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- Beginner Freshwater Aquarium (http://www.tropicalfishkeeping.com/beginner-freshwater-aquarium/)
- - quarantine tanks (http://www.tropicalfishkeeping.com/beginner-freshwater-aquarium/quarantine-tanks-12655/)
I didn't really know where I should put this post. I thought about the "emergencies and diseases" forum, but it's not an emergency and no one has a disease yet. lol :)
I've never had a quarantine tank before but I know that I've just been lucky never getting a sick fish. Now that I have a bigger tank, I'm not comfortable depending on "luck".
What's the minimum size for a quarantine tank? How do you keep it cycled? If there's no fish in it, won't the bacteria die? Do you put gravel and plants in it, or is it just a tank and water (and filter, heater, and air)?
It seems like a lot of trouble, but I guess it would be more trouble to have to replace all your fish. :P
Re: quarantine tanks
It's simple. Operate only with sponge filter, a couple of hiding places such as terracotta pots and then barebottom with a heater if you live in areas where temp is generally cold.
Well, I had a six gallon tank sitting around that was ready to use, so when I had a fish that needed medication, I used that. I just set it up with the necessities and plant coverage to make the fish feel secure. I'm not sure, but I [i]think[/] an uncycled tank would be okay as long as you keep the water super clean. But don't listen to me, wait for a more experienced person to tell you that or not. But I have an idea for you. If you have the space, you could have a spare tank set up, like a ten gallon(depending on what size fish you have). You could keep a few hardy fish in there to keep it cycled, then when you need to treat a fish, put those ones in your main tank and put the sick one in the spare cycled one, which would become your quarantine tank when needed. I say hardy fish because plopping them into a different tank for a week or two would be really unwanted stress for a more delicate species. Maybe a school of leopard danios, which are hardy and very pretty.
Hope I helped.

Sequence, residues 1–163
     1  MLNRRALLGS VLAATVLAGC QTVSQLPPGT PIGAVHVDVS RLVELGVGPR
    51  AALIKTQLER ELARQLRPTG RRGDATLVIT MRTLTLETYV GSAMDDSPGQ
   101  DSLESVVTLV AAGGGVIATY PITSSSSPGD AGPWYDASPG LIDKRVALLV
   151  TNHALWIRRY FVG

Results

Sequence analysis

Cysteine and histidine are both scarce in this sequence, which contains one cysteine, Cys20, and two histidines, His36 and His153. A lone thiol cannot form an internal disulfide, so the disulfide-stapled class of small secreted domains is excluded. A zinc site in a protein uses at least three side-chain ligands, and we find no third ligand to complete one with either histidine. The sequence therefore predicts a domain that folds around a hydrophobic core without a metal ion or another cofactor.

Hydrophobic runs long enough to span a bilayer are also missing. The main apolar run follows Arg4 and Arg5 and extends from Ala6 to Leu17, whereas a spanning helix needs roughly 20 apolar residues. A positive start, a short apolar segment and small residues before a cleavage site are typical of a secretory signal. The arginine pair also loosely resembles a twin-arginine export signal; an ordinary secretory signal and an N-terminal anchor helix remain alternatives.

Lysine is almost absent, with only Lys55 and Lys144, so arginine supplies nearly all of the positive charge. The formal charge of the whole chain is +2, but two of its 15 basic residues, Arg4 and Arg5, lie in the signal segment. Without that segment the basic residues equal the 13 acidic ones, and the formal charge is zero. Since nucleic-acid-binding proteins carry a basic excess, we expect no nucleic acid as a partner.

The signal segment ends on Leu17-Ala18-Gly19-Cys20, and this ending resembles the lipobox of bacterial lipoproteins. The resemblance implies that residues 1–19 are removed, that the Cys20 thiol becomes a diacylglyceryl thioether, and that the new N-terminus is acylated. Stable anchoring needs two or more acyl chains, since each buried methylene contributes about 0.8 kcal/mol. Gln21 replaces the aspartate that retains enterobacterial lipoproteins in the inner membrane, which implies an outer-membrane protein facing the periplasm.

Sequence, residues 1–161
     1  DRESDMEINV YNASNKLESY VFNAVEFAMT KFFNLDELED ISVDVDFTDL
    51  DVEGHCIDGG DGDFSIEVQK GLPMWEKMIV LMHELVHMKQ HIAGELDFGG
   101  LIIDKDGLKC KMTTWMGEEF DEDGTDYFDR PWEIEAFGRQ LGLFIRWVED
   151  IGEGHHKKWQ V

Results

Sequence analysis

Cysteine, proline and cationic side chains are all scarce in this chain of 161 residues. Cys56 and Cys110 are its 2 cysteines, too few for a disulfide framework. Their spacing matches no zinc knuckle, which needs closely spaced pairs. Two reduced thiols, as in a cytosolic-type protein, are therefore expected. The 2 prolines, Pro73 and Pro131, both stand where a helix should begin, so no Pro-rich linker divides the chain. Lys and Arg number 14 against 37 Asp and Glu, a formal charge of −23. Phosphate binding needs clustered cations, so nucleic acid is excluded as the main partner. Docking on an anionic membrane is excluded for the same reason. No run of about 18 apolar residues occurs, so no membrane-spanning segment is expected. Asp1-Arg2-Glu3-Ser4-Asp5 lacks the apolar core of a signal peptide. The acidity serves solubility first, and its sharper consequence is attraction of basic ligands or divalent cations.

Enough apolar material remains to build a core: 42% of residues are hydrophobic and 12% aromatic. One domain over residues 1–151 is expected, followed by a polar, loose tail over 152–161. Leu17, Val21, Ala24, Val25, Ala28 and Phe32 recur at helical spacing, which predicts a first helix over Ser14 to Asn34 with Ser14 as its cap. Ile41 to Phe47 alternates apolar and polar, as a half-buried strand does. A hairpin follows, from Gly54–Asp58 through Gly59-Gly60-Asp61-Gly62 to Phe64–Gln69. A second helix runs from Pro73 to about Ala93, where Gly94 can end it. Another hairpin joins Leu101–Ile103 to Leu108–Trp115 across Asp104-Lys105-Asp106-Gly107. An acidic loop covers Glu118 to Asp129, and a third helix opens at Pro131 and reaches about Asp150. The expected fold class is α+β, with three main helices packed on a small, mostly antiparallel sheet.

I like using 15g long tanks, as a rule. I have quarantine tanks as small as 2.5g. My quarantine tanks range in size from the 2.5g to 50g breeder tank. I, too, am fortunate in not having sick fish lately(knock on wood). Most times that I use the tanks, it is to heal a female cichlid that has been beaten up by an aggressive male or a male that has lost a battle for dominance.
The 50g. tanks are usually reserved for larger groups of incoming wild caught fish. And as Zule said the size of your quarantine tank should match the size of the largest fish in your tanks. They should be spartan. No gravel or decorations. In most cases, a foam filter will be sufficient. Lighting, I feel may be deleted, for the most part. I use them only to check on the condition of the patient and progress of treatment. Some meds are photo sensitive so care must be taken there, also.
So do you have to keep it up and running at all times? Is it ok to not have it cycled but to do daily water changes instead?
Thanks. You've all been really helpful. :)
You wouldn't be able to get all the ammonia out unless you changed ALL the water, and that would be extremely stressful. Not the best conditions for a QT fish...just keep it cycled.
Thanks... I guess I'm on the lookout for another tank. :)
All of my tanks are up and running at all times, including the quarantine tanks. I may make temperature adjuctments when they are in use, to accomodate the fish and treatment.
I do. :)
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